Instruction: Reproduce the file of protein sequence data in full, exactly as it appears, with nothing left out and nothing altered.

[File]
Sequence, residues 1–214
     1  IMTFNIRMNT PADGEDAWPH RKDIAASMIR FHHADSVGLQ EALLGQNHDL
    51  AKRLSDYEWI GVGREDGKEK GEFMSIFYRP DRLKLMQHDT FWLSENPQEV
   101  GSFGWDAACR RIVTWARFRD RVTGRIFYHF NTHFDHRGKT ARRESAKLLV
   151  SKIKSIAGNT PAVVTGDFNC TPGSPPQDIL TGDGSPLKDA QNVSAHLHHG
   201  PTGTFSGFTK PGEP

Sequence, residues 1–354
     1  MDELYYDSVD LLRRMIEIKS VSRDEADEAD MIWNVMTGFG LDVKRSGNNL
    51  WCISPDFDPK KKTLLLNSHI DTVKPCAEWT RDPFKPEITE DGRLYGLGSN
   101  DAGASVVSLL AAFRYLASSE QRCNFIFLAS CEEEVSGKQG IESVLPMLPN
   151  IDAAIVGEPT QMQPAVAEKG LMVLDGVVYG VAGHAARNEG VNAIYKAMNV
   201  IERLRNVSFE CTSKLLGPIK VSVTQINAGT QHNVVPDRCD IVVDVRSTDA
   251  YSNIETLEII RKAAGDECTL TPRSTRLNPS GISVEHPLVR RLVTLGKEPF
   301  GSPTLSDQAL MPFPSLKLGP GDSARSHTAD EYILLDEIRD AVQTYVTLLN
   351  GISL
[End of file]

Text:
Sequence, residues 1–214
     1  IMTFNIRMNT PADGEDAWPH RKDIAASMIR FHHADSVGLQ EALLGQNHDL
    51  AKRLSDYEWI GVGREDGKEK GEFMSIFYRP DRLKLMQHDT FWLSENPQEV
   101  GSFGWDAACR RIVTWARFRD RVTGRIFYHF NTHFDHRGKT ARRESAKLLV
   151  SKIKSIAGNT PAVVTGDFNC TPGSPPQDIL TGDGSPLKDA QNVSAHLHHG
   201  PTGTFSGFTK PGEP

Sequence, residues 1–354
     1  MDELYYDSVD LLRRMIEIKS VSRDEADEAD MIWNVMTGFG LDVKRSGNNL
    51  WCISPDFDPK KKTLLLNSHI DTVKPCAEWT RDPFKPEITE DGRLYGLGSN
   101  DAGASVVSLL AAFRYLASSE QRCNFIFLAS CEEEVSGKQG IESVLPMLPN
   151  IDAAIVGEPT QMQPAVAEKG LMVLDGVVYG VAGHAARNEG VNAIYKAMNV
   201  IERLRNVSFE CTSKLLGPIK VSVTQINAGT QHNVVPDRCD IVVDVRSTDA
   251  YSNIETLEII RKAAGDECTL TPRSTRLNPS GISVEHPLVR RLVTLGKEPF
   301  GSPTLSDQAL MPFPSLKLGP GDSARSHTAD EYILLDEIRD AVQTYVTLLN
   351  GISL